The level of interest that Alexander had in agricultural matters is demonstrated in a letter he wrote to his brother prior to a duel. After the serious business of giving instructions in the event of his death, he ends the letter with "Don't neglect horse howing if you love Scotland" (2) This alludes to the cleaning of drilled turnips. The Earl was anxious that this should be done by horse drawn scrapers rather than by hand hoeing.

The planned village

Up until the 18th century, there were few villages in Scotland. Patterns of rural settlement were loosely organised around fermtouns, each one consisting of a small cluster of tenants who worked their land together. Settlements which included a church, were known as 'kirktouns' and those including mills 'milltouns'. Before 1769, the parish of Eaglesham consisted of a kirktoun with about 25 houses, acting as a focal point for the 126 fermtouns which surrounded it.

The period of the 18th century and early 19th century became known as the Age of Improvement. Many landowners, like the Earl of Eglinton, were keen to institute new methods of farming and replace the old patterns of settlement with something much more organised and productive.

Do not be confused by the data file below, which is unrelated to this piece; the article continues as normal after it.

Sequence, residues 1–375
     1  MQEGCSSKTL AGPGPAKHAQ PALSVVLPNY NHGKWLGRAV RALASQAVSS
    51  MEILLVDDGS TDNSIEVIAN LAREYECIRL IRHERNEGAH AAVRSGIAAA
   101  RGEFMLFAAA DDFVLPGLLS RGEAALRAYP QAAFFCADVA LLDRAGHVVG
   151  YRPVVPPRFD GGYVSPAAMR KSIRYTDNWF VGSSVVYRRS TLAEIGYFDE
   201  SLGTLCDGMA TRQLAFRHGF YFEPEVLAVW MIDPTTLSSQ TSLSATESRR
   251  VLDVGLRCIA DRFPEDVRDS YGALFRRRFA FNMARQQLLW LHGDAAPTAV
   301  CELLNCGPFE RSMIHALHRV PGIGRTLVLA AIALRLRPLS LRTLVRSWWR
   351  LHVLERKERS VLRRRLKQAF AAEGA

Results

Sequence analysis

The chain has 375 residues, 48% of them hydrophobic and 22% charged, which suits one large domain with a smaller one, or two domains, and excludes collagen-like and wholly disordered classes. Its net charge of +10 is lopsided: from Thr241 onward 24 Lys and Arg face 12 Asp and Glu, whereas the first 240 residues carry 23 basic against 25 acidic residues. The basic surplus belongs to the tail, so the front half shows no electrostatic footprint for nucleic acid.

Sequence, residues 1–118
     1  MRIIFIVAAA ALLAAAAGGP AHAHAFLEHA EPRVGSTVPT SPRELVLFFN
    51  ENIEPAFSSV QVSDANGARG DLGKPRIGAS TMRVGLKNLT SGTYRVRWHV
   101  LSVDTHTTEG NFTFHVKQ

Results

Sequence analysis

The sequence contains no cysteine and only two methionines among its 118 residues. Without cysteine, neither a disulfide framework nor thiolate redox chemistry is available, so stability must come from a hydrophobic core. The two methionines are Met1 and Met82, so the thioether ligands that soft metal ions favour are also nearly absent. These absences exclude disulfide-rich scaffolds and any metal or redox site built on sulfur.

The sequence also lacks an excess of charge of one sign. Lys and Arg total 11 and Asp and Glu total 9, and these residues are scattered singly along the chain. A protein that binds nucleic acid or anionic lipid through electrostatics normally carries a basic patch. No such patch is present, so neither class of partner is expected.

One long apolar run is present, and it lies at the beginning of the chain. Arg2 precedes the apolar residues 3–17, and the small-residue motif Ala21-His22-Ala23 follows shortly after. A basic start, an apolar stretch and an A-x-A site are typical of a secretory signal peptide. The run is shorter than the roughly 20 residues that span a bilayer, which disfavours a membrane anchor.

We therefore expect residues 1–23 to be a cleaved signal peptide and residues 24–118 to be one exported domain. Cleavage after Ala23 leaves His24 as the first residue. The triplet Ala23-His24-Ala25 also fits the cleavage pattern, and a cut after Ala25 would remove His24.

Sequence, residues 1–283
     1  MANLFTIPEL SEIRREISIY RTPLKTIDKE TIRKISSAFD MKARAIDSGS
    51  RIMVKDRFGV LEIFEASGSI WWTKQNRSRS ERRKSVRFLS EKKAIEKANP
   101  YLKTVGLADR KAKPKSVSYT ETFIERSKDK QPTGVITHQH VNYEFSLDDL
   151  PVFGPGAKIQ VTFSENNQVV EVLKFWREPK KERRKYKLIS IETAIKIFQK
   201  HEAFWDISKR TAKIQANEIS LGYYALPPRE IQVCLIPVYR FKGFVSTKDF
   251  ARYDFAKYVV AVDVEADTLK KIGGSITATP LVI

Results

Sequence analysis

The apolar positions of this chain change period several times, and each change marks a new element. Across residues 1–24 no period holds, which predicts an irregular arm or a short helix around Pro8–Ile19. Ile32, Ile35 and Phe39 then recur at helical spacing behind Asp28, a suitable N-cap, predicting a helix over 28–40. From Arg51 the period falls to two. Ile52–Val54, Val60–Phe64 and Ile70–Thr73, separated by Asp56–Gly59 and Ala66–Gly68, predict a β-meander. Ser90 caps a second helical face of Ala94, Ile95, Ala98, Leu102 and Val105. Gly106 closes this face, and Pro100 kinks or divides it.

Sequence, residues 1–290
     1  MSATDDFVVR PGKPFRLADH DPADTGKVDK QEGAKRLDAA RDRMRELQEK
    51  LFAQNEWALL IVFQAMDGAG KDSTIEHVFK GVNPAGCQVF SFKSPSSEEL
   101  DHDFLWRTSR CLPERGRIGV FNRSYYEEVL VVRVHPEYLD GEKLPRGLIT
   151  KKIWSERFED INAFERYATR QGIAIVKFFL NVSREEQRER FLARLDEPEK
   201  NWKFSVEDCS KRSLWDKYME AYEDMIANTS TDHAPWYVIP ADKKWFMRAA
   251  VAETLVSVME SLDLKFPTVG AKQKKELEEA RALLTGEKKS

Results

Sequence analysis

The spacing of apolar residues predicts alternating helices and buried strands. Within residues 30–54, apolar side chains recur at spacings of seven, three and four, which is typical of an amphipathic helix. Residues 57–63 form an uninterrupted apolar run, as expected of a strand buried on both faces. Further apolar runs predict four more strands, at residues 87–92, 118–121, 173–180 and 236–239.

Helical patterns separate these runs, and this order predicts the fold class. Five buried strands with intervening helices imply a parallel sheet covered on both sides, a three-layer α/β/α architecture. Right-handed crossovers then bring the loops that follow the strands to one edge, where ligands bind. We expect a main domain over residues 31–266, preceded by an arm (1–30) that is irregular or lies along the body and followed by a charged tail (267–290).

In rural areas, the old fermtouns were swept away and replaced by larger, enclosed, single-tenanted farms. Landowners planned and built new villages which were much more regular in their layout. The new system of farming, combined with improvements in agricultural methods, resulted in a higher yield but also created a surplus of agricultural workers. A planned village could absorb some of this excess produce and labour.


Alexander 10th Earl of Eglinton saw, in Eaglesham, an ideal location for such a planned village. As a kirktoun it would already be a focus for the scattered communities in the area. Since 1672 it had had the right to hold a weekly market and annual fair and therefore would have established roads and routes to and from local areas and beyond.